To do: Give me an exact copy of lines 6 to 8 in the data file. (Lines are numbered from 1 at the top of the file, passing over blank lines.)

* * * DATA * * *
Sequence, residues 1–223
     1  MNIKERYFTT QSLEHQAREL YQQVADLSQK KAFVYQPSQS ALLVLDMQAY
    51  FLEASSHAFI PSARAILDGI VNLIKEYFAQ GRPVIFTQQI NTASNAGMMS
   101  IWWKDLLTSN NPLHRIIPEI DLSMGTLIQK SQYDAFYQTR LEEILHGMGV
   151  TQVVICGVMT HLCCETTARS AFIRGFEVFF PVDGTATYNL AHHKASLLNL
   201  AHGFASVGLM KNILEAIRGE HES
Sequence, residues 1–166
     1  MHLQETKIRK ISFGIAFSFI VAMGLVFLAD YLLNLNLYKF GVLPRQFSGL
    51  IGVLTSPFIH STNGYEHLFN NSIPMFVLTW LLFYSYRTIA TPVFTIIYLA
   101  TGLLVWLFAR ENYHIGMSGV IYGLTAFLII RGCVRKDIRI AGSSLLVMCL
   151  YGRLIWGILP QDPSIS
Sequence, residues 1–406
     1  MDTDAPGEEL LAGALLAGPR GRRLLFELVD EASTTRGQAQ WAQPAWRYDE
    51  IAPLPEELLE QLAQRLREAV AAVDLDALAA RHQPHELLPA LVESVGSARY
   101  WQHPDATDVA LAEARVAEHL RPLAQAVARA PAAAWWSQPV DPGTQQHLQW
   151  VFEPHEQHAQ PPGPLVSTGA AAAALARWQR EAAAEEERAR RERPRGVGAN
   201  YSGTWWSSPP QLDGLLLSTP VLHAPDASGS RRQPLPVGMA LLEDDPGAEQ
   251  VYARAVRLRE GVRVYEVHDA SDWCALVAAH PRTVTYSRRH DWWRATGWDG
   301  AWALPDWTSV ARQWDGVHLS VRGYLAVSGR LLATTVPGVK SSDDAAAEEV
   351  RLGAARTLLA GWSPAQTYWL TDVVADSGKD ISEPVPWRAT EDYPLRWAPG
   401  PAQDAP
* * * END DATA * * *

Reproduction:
   201  AHGFASVGLM KNILEAIRGE HES
Sequence, residues 1–166
     1  MHLQETKIRK ISFGIAFSFI VAMGLVFLAD YLLNLNLYKF GVLPRQFSGL